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koukouvagia

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koukouvagia last won the day on December 29 2011

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  • Boat Name
    1912 Braithwaite and Kirk motorised butty ex FMC

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  • Website URL
    http://www.narrowboatowl.com and http://www.buttyhampton.com

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  1. I don't suppose it's any help for the OP when I say that over the past ten years my annual costs have been between £5K and £10K - and that's not counting major work to the hull and back cabin. eta: I see the specific question was how much does it cost to keep a boat afloat. In 2014 it cost me £2.5K to deal with a weak spot in the hull. This was simply remedial work to keep the boat afloat. Three years later major work was required which cost many times that sum.
  2. It looks OK to do this, as others have said. As a belt and braces approach, I'd have some epoxy putty handy just in case you hit a really thin spot. This is a remarkable fix/bodge material. When I went through the hull while descaling rust (on a surveyor's advice, I might add!) it set so hard that it had to be chipped off with a chisel.
  3. Yes, I agree. The Dudswell pound is notorious for low levels. I thought the problem had been solved, but apparently not. Now that new gates have been fitted at Cowroast there is now no longer a constant flow of water off the summit onto the Dudswell pound through leaking gates.
  4. It was originally on Apolloduck for £42.5K. It's now been reduced to £38K.
  5. I'm afraid I can't find old photos of Grebe or Moorhen, but I passed this boat recently. I'm pretty certain this is one of the ex hireboats. It still has the round gas locker covers on the back deck.
  6. What a great picture. Thanks for posting. Sorry if we didn't give you a cheery greeting. We're hoping that our former boat, Owl will be making it to the show.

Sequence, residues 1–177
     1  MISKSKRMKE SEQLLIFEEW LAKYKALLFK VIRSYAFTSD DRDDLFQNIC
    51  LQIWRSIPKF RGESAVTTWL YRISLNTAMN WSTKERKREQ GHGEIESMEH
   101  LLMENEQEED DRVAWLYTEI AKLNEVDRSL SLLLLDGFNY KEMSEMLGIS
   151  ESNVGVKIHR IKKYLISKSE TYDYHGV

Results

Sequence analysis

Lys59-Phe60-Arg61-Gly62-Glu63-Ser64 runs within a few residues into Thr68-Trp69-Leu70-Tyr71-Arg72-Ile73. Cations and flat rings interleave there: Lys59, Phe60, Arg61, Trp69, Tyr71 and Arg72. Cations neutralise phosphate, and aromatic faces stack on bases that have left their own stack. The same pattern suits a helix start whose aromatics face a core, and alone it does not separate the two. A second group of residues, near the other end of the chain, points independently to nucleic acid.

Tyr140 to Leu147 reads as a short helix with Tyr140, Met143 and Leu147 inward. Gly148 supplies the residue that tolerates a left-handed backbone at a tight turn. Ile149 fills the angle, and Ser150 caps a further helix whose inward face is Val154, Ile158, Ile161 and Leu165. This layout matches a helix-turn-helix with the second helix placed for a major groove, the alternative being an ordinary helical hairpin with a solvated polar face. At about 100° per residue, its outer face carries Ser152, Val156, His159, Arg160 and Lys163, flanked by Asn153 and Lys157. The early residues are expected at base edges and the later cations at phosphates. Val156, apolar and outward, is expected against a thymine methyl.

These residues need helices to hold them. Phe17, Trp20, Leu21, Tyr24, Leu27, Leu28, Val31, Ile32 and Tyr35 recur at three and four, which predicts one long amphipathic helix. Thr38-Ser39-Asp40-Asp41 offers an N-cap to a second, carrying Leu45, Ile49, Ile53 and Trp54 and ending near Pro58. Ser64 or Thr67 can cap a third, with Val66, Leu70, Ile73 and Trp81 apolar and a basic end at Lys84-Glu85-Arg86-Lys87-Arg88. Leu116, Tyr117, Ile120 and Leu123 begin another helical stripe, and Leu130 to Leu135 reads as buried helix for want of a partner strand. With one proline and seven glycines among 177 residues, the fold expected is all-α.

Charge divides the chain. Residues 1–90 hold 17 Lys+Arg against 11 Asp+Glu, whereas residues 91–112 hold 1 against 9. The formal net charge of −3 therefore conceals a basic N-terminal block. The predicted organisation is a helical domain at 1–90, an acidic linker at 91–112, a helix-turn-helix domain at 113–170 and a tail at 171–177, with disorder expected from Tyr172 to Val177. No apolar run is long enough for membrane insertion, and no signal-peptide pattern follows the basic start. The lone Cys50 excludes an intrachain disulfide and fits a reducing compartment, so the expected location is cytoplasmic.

7. Yep. See: https://www.canalworld.net/forums/index.php?/topic/54625-historic-boats-for-sale-online/&do=findComment&comment=2266534
  8. ...and another boat on the same mooring was lengthened by Roger Farringdon as well. On this boat a new long tug style deck was added with a rather elegant fore-end.
  9. I was told exactly the same when a diesel bowser sank near Tower Bridge. It dragged down a tug which was moored alongside and caused, in my eyes, a massive stretch of polluted river. Sure enough after a few tides it had all disappeared.
  10. I've looked again at your pictures and I'm wondering about those triangular stiffeners. Was the original floor level above these? You seem to imply that you want to lay the wooden floor joists as close to the base as possible. If this is the case then these bits of metal would protrude above floor level and would be a right pain. Sorry, if I've misunderstood your plans.
  11. No, Troy. ? edited to add picture of Priam with a cover over his head.
  12. Personally I wouldn't bother. You got ready drilled bolt holes to secure both the upright framing for the sides and the cross-members for the floor supports. Don't forget you don't know how much room for the ballast you may need and it's always good to have space for air to move around in the bilges.
  13. It depends on whether you think the bilge will get wet. I put in stainless steels ones - a bit of an overkill, but you never know when you are going to get pipe or pump leaking. If I were doing the job again I'd probably use something like these: https://www.screwfix.com/p/timco-in-dex-exterior-carriage-bolts-organic-green-10-x-220mm-10-pack/41338
  14. A bit different, this one. https://deadline.com/2019/05/zomboat-itv-hulu-1202621146/
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